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UNICEF Appeals for $20 Million for Pakistan Earthquake


Four Million People Affected, Life-Saving Supplies Moved to Epicentre

NEW YORK / GENEVA, 9 October 2005 – UNICEF said today that it is appealing for an initial $20 million to provide emergency relief to children and families who survived the Pakistan earthquake.

The appeal by UNICEF comes as its first trucks are rolling towards the northern Pakistan town of Mansehra, loaded with blankets, children’s clothing, water containers, and plastic tarpaulins.

Another convoy is en route from Karachi with water purification equipment, nutritional food for children, soap, shelter supplies, and children’s boots and sweaters – all designed to help children in the wake of the disaster.

Speaking from New York, UNICEF’s Executive Director Ann M. Veneman said that the priority in the coming days will be to provide children with the means to survive.

“This appeal means immediate action to save children’s lives,” said Veneman. “Needed assistance includes medical care, clean water, nutritional food for infants, clothing, and shelter – the things that matter most in the critical few weeks after a disaster like this when children and their families have lost everything.”

UNICEF is moving additional staff and supplies into Pakistan from its regional offices, working in close coordination with the Government of Pakistan and other UN agencies. UNICEF has provided logistics and supplies for the frontline Pakistani surgical teams being dropped by helicopter into the most remote areas, and is now moving in assessment teams by road into outlying areas as part of the UN’s effort to establish the extent of the disaster.

Almost one in every five people in the affected zone is a child under the age of 5, and nearly half are younger than 18. A quarter of the population lives under the poverty line.

The chief of UNICEF’s operation in Pakistan, Omar Abdi, said that the mountainous region is a complex one, with different challenges from valley to valley.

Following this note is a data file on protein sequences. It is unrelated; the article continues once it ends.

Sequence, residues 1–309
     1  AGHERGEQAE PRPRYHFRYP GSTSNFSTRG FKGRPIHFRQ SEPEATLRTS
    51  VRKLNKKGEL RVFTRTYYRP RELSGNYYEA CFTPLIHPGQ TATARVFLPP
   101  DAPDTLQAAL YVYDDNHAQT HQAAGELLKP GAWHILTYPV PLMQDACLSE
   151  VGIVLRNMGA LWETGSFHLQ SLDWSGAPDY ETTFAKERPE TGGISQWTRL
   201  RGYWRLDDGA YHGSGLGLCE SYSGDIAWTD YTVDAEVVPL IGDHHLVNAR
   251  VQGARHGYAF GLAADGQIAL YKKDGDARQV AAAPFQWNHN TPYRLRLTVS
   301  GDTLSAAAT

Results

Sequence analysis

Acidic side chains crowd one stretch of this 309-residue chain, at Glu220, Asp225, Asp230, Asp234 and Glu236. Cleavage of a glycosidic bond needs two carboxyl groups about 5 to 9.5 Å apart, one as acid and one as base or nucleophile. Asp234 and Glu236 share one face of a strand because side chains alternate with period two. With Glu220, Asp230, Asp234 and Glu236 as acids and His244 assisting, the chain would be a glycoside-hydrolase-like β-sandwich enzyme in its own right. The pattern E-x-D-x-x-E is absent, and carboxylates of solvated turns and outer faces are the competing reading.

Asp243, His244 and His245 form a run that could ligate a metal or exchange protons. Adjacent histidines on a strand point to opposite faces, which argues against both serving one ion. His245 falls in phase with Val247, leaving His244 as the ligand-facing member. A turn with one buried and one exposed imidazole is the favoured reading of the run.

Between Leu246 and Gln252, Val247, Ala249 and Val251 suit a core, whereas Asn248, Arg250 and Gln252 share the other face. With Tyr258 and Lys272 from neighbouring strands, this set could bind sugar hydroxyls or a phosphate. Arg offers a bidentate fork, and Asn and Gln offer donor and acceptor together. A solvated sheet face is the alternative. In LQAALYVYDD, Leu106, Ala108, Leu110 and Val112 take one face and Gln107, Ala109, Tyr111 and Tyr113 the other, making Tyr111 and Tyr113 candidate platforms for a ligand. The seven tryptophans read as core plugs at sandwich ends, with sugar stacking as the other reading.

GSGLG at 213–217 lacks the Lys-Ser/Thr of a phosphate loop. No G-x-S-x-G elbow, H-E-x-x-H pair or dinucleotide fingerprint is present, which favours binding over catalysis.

“It’s difficult to access at the best of times, and its people have very few extra resources,” Abdi said. “There have been overnight rains and hail which have added to the misery for people sleeping exposed, too afraid to enter whatever shelter remains. This has also created more landslides, further hampering aid efforts.”

In 2003, UNICEF worked closely with Pakistani authorities after devastating floods hit Sindh province and affected more than 800,000 people. UNICEF stressed that its first $20 million appeal will be revised in the coming days as its operation is refined in keeping with the UN operational framework and appeal.

“Beyond immediate relief, our focus is to get children back to school as soon as possible,” Veneman added. “We are all shocked by the news that children were killed as they sat at their desks. But very quickly it will be time to get those who survived back to their classrooms. School provides the very structure and rhythm that they’ve lost, a touchstone which will help overcome shock and trauma.”

For nearly 60 years UNICEF has been the world’s leader for children, working on the ground in 157 countries to help children survive and thrive, from early childhood through adolescence. The world’s largest provider of vaccines for poor countries, UNICEF supports child health and nutrition, quality basic education for all boys and girls, and the protection of children from violence, exploitation, and AIDS. UNICEF is funded entirely by the voluntary contributions of individuals, businesses, foundations and governments.

Attention broadcasters: A studio interview with UNICEF’s representative in Pakistan, Omar Abdi, will be available on APTN and Reuters also feed the interview.


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